Honey Harvest Part Two : extracting the honey from the frames

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I love uncapping honey. Its a sticky, messy business, and seeing that sublime, golden honey released from its cell, to slowly ooze forth is just glorious.

We use long serrated knives, employing a short sawing motion, trying to remove just the topmost layer of wax, without disturbing too much the honey below.

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The frames are put through the centrifugal extractor, three at a time – and another satisfying moment comes when it is time to open the floodgates and let the honey gush forth…

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After sieving, to remove bits of wax, the honey is then poured into another plastic tub, to be left to settle. Except for a jar or two for immediate consumption.

Jean-Phi seemed keen to do a weigh-in. Last year he had 15 kilos from one hive, this year he managed over 30 kilos from two hives, which to our amateur eyes seems like an awful lot of honey. I’m not going to divulge any of my numbers – suffice to say I have enough to be self-sufficient, but won’t be giving out pots of honey willy-nilly.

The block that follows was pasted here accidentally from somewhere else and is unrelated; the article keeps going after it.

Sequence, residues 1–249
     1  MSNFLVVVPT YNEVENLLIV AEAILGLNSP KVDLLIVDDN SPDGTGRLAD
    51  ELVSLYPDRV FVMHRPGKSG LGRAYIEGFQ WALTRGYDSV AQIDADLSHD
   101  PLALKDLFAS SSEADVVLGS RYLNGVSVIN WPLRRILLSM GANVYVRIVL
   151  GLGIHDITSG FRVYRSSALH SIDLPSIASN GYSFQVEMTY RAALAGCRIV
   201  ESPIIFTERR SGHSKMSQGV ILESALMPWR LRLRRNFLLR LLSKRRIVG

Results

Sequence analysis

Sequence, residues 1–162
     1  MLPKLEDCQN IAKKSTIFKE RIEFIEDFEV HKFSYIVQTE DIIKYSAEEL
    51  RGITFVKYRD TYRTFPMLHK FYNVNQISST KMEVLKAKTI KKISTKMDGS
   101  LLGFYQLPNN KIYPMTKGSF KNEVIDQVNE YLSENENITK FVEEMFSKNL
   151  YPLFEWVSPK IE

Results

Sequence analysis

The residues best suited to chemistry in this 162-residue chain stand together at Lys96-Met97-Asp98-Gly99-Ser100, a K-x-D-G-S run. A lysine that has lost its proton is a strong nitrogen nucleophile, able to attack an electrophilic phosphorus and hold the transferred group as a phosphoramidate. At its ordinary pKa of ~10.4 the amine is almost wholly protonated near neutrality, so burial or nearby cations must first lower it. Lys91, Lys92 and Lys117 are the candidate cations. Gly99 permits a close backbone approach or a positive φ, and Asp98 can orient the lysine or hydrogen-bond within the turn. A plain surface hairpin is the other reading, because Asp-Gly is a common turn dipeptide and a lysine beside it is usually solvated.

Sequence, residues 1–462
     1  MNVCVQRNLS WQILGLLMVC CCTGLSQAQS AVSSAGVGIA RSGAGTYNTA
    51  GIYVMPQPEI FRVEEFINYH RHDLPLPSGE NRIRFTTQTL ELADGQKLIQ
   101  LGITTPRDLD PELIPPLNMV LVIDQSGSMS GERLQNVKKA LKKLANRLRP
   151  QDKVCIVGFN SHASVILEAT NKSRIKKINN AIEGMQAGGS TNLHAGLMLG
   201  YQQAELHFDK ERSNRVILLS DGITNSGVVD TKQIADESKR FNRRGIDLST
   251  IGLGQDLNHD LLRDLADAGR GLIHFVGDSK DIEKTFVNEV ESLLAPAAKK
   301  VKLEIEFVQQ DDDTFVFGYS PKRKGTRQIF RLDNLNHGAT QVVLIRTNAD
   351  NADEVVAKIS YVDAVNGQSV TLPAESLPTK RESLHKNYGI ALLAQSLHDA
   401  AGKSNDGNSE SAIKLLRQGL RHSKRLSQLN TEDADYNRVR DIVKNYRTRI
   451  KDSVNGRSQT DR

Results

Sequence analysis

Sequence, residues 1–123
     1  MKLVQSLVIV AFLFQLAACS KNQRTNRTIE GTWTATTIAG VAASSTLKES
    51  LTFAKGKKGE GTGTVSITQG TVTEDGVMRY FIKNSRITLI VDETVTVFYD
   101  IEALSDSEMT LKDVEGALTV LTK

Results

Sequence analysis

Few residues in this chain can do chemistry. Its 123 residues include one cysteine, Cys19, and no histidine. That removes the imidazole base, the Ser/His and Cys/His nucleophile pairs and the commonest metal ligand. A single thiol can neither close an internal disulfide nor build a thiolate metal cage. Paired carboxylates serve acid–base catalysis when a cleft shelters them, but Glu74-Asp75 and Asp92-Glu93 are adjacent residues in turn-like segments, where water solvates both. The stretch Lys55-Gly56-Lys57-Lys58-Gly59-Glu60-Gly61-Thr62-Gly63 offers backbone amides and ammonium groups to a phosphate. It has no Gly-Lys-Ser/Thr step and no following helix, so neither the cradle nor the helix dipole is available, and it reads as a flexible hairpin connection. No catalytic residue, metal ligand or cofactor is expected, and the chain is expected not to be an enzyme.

And I am very happy to report that the honey is utterly DELICIOUS!

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6 thoughts on “Honey Harvest Part Two : extracting the honey from the frames

    • Good question. Last year we were totally surrounded by sunflowers, so we made the assumption that it was a monofloral honey. Plus it had the characteristics of sunflower honey, being yellow and crystallising rapidly. This year, it seems a tad darker – and there was just one sunflower field very close by. I do see the bees in the garden on all sorts of flowers and bushes – lavender, mint, buddleia etc, so they must contribute in some way – it would be interesting to know the proportions.

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